A lot of students are unfamiliar with what exactly “Drama,” with a capital D, is. Most times, people think immediately of plays—and they’re not wrong. But that’s only half the answer. Drama is anything that has a script, which means that your favourite TV shows and movies are all considered Drama. Now, I know how hard this section in your English class really is. I do. I took it (a long time ago). One of the main issues I had with the material was that my imagination was flat when I was reading it—I didn’t have the mental scope or imagination to fully comprehend what was going on. Fortunately, I have developed some skills in this regard, so I will share some of the (hopefully) more insightful ones with you here. Happy reading!
Drama is meant to be seen
It is. Drama is not mean to be read on a flat piece of paper. The medium is three dimensional, with a stage, props, and actors that move about and swing swords and yell passionately, full of rage or hate or love. It has settings, lightings, backdrops, locales, symbols, special effects and stage manipulations that trick your eye, draw your attention, pull you from one character to another with smokescreens and trapdoors. Characters might even fly, attached to wires that fling them across the stage, enter through windows, tiptoe across the stage with exaggerated motions, or a thousand other actions. You don’t get that with just the script.
The simple fact is, in order to really understand Drama, you have to see it. I’m not saying that you can’t get a complete understanding of a production’s themes, plot, and objectives by just reading it. You can. But in order to get perspective and interpretation, you will need to watch it. After all, it is meant to be seen. Drama is not meant to be read, except by actors… But, while you are in class and in order to increase your reading comprehension skills, your teacher has to cover the written word. I suggest this, then: Read the play first, understand the themes, plot, and objectives of the writer, and then view the material on-screen. Doing so will flesh out your understanding of the narrative and, importantly, give you perspective and imagination regarding those ideas.
Pretend you are an actor
So, while you are in class reading the script, there is a tactic that you can do to improve your comprehension: Put yourself in an actor’s/actress’s shoes. Doing so will help you realize what makes that character tick. I have spoken at length about character profiles, archetypes, and the like. So if you would like information on how to break-down a character, I suggest going through the archives and find those articles—they are quite helpful. But, if you act as a character, ask yourself a couple questions, such as, “If I were this personality, what would I wear? How would I move my arms? What would my facial expressions look like?” You may also want to consider body type, which is always important when acting—you cannot get a job in a specific role if you do not look the part. I know it seems discriminatory, but that’s what the acting world is. People get jobs based on their appearance. Actors know and understand this.
It is important to note that you are pretending to be the actor, not the character. There is something called an ideological lens, which is a set of entrenched beliefs through which one interprets the world. And if you imagine yourself to be a character, you see life through that character’s lens. Looking through that lens can make it difficult to critique that character because you are inside his/her head, whim to those beliefs. If you are the actor, you are outside of that lens, giving you a better understanding of how that character thinks, what he/she believes, and how this character acts and rationalizes decisions. I know it sounds complicated, but the goal of this exercise is to answer the “why”—why act so? Why decide this way? Why not?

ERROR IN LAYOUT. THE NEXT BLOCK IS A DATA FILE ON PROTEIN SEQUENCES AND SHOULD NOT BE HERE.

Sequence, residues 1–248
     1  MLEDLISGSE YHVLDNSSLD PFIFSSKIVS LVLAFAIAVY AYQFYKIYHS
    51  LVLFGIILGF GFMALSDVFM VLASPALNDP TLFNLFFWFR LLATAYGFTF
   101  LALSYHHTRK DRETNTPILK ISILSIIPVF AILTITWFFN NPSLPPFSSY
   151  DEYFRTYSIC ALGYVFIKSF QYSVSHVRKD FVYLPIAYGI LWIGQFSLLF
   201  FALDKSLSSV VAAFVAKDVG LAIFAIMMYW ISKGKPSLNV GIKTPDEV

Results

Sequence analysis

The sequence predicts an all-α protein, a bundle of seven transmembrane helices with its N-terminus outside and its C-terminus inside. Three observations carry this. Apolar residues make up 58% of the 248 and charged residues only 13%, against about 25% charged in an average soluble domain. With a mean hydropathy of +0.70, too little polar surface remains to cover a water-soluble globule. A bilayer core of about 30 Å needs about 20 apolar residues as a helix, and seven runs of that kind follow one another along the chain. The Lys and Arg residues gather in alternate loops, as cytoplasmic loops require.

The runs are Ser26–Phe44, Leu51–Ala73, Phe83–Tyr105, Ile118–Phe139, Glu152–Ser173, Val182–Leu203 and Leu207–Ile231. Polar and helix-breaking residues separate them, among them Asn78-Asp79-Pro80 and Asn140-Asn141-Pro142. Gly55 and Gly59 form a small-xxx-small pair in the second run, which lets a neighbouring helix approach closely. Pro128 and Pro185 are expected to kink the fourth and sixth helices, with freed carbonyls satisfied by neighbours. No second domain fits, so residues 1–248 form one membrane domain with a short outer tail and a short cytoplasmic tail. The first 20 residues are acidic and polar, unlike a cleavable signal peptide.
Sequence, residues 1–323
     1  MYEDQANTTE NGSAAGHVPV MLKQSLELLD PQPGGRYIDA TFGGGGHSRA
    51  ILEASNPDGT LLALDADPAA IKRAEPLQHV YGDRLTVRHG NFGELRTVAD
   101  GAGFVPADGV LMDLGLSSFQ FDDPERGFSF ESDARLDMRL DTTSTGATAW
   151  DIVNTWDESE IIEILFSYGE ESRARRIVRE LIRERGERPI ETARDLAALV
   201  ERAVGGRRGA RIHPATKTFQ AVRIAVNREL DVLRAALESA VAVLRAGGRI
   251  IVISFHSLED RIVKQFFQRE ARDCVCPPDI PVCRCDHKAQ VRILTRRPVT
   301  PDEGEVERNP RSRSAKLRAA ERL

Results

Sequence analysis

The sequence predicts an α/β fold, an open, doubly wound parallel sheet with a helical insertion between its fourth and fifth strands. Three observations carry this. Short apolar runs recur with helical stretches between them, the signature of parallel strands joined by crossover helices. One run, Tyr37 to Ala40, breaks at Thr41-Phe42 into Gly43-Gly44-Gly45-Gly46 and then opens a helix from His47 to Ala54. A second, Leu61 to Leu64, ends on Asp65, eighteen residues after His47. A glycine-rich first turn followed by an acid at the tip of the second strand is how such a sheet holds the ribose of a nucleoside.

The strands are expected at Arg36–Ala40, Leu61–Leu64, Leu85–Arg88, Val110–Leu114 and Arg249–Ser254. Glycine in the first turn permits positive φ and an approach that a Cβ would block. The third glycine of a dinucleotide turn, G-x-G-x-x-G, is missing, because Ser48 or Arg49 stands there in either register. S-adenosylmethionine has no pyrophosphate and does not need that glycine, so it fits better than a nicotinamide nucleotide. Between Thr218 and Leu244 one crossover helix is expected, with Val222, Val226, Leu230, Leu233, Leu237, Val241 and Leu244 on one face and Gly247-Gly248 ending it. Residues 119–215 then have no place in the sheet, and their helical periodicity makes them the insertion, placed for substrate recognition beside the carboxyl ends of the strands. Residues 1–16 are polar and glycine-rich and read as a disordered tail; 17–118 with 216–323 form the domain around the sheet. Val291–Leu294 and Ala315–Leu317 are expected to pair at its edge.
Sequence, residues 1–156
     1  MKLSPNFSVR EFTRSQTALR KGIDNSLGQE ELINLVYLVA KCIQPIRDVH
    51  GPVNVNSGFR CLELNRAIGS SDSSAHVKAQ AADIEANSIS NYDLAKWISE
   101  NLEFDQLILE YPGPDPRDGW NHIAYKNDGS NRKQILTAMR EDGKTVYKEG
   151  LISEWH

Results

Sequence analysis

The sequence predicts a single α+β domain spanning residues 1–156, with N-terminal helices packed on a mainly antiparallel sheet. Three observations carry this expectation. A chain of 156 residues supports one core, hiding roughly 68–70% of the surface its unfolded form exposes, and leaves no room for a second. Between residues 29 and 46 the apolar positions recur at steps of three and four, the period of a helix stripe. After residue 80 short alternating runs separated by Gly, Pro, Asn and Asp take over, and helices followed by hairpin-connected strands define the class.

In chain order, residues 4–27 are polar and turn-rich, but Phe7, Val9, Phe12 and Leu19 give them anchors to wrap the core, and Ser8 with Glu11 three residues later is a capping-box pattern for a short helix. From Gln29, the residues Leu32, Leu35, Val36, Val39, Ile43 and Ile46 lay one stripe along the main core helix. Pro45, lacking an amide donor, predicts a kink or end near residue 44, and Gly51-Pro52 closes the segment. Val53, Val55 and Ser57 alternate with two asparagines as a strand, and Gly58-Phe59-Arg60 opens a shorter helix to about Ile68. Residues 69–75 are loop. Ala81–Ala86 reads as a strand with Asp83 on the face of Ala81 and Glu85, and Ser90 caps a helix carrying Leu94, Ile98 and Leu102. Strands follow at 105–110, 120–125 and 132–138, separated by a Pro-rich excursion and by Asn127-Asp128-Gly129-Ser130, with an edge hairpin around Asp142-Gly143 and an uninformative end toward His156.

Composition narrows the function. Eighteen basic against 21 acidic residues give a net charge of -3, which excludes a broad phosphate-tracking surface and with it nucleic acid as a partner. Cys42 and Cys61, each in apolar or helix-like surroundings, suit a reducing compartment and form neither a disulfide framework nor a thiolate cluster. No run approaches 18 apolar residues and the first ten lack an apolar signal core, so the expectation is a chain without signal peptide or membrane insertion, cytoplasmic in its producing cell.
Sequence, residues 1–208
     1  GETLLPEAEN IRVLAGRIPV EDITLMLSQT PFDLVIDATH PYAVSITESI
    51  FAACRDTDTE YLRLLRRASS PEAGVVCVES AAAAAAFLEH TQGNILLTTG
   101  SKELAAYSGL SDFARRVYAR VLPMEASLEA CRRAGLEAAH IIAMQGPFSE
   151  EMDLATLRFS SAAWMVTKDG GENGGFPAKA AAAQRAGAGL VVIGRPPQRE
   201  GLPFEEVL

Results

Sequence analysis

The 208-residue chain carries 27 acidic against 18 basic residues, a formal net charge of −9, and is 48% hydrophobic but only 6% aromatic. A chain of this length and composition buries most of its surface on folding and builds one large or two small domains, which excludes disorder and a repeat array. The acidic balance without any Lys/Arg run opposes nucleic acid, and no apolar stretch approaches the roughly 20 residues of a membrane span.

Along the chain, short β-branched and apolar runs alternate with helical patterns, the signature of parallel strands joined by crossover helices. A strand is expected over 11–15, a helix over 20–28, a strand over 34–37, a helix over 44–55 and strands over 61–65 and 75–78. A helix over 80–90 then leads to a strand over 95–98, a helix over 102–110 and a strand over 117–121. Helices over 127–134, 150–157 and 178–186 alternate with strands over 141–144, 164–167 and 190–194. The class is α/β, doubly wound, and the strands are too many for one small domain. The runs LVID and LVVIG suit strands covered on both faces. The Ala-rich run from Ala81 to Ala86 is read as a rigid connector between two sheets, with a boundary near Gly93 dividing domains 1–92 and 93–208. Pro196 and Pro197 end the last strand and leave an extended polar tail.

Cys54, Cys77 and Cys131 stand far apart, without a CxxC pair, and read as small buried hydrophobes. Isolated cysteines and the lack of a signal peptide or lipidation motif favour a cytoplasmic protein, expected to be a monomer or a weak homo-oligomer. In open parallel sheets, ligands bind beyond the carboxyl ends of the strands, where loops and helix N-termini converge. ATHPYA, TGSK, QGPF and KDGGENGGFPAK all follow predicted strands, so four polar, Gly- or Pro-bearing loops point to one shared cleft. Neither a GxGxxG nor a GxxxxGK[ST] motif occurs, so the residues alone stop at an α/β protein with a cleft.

Pretend you are the director
This exercise takes the previous one to the next level. Where “pretending you are an actor” is a micro-exercise, this would be considered a macro-exercise. It covers the big picture, like the setting, the stage, and positioning. Of everything. Including props and actors. If you are unfamiliar with what a director does, look up some of the greats like Stanley Kubrick, Steven Spielberg, and Christopher Nolan. Look at how these directors create impact—how do they position the camera, incorporate background images and symbols, move from frame to frame, etc.
Your role as director is a difficult one because you have never had to think in such a way before. So far through your studies in high school, you have read works of fiction and poetry and short stories where the narrative is laid before you by the author. Not so in Drama. You must create effect and impact, all while keeping the audience engaged in the material. Just think of all those amazing action sequences in movies you’ve watched over the years. The director is responsible for getting the camera in the right place to create the ultimate impact. Just think of the movie 300. Those action scenes where the camera was perpendicular to King Leonidas as he hew through enemies with spear and sword wouldn’t have come about if the director hadn’t made the decision to position the camera just so. Amazing.
Finally, let’s not forget the main goal of Drama: To entertain. Drama is meant to draw you in, engage your emotions, and light up your imagination. Unfortunately, difficulties come from only having dialogue. You’ll need to become an actor and a director to really increase your comprehension skills. Give it a try next time you read a script and see what happens!